Tibetan and Himalayan Library - THL

THL Title Text
A Survey of Bonpo Monasteries
by Dondrup Lhagyal, Phuntso Tsering Sharyul, Tsering Thar, Charles Ramble and Marietta Kind
Edited by Samten G. Karmay and Yasuhiko Nagano
National Museum of Ethnology and THL
Reproduced with permission from the authors
under the THL Digital Text License.

Reb gong

(121) sTong chung Temple

1. Name

sTong chung gSas khang

2. Location

The temple is located in sTong chung village, 100 km west of Ba yan (Hua long), the seat of Ba yan county.

3. History

According to an old text concerning the lineage of gZungs ’bum, a local Bonpo family, religious gatherings of the village began eighteen generations ago. The original site of these gatherings is not specified in the text. Later rTse dbus bSod nams g-yung dung dbang rgyal, the founder of To shes Temple (No.118) and Shar steng Temple (No.119), built a temple there. According to bsTan ’dzin dbang rgyal, the son of the builder, the temple was built in the early nineteen-forties.

4. Hierarchical system

  • principal master
  • bla ma, deputy principal master
  • two dge bskos
  • one dbu mdzad
  • one deputy dbu mdzad

Each member of the temple occupies the position of deputy dbu mdzad for two years and then that of dbu mdzad for another two years on a rotational basis and in order of seniority. The bla ma is responsible for preparing the gtor ma and disposing it during rituals.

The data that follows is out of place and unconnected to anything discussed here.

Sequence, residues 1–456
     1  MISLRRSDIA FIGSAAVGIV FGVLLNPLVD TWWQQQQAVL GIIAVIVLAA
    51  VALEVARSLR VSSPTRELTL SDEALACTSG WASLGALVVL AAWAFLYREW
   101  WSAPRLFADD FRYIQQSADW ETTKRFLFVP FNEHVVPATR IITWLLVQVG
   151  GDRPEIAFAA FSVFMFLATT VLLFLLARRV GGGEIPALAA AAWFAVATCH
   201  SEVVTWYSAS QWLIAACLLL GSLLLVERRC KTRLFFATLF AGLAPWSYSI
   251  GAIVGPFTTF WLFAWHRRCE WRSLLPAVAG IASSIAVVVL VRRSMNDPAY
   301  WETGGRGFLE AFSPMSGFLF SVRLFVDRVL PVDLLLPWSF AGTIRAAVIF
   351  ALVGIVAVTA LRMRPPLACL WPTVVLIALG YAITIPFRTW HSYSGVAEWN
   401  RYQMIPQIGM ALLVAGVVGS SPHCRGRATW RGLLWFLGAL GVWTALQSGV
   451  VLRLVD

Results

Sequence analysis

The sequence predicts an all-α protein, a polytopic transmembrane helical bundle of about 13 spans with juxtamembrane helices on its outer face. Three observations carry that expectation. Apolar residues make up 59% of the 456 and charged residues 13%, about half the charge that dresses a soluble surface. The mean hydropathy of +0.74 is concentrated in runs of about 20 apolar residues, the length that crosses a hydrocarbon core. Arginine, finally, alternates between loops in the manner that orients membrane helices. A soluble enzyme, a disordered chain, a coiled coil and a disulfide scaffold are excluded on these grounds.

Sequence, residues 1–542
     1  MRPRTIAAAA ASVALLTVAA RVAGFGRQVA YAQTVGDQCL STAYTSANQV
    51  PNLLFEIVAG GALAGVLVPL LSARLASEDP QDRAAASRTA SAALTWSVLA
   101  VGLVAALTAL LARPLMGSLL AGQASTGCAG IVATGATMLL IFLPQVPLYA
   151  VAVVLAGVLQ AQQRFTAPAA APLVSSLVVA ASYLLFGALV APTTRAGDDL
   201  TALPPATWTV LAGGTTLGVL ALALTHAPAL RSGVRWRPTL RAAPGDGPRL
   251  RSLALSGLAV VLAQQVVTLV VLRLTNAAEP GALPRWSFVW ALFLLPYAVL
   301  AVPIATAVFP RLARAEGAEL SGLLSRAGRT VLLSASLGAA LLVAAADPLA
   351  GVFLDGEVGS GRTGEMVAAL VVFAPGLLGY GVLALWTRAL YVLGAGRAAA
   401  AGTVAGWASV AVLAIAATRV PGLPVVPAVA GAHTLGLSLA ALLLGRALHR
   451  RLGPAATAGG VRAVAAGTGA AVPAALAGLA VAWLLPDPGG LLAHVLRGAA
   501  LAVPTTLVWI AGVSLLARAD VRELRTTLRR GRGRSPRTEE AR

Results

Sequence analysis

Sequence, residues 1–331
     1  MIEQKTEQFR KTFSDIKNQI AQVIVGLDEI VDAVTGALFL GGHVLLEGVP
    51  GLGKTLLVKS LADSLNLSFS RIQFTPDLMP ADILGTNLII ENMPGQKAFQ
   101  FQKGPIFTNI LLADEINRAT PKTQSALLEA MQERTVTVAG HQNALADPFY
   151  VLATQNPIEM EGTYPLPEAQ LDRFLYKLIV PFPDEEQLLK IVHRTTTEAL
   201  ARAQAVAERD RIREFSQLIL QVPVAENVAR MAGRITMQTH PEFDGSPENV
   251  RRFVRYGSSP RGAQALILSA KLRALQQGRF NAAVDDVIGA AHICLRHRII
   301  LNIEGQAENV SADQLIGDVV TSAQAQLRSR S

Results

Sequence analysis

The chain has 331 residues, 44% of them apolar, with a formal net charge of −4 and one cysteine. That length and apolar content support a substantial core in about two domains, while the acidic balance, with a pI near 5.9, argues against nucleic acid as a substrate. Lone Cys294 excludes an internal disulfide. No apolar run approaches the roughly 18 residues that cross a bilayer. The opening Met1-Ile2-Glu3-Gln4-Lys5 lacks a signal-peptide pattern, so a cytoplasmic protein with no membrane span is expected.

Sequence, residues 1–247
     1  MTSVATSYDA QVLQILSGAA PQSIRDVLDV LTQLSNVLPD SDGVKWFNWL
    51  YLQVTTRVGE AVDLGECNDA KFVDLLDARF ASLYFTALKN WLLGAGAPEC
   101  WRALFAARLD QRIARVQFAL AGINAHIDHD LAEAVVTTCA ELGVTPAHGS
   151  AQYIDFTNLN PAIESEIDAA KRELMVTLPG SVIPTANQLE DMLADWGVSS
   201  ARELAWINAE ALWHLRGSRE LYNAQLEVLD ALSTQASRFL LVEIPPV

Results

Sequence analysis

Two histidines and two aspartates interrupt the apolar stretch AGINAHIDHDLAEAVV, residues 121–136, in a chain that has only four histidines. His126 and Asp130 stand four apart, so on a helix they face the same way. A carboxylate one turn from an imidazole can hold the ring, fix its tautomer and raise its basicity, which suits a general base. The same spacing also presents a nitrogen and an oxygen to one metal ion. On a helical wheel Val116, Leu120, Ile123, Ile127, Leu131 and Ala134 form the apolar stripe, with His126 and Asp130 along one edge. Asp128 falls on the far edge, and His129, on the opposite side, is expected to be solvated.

8 / 9. Rituals

The dBal gsas cycle from the 15th to the 20th day in the 5th month and a ’cham performance on the 20th day of the same month.

Sources

(1) Interviews

In autumn of 1996 with bsTan ’dzin dbang rgyal; on him, see To shes Temple.

/bonpo-monasteries/b6-3-22/

Note Citation for Page

Dondrup Lhagyal, Phuntso Tsering Sharyul, Tsering Thar, Charles Ramble, and Marietta Kind, A Survey of Bonpo Monasteries and Temples in Tibet and the Himalaya (Osaka: National Museum of Ethnology, 2003), .

Bibliographic Citation

Dondrup Lhagyal, Phuntso Tsering Sharyul, Tsering Thar, Charles Ramble, and Marietta Kind. A Survey of Bonpo Monasteries and Temples in Tibet and the Himalaya. Osaka: National Museum of Ethnology, 2003.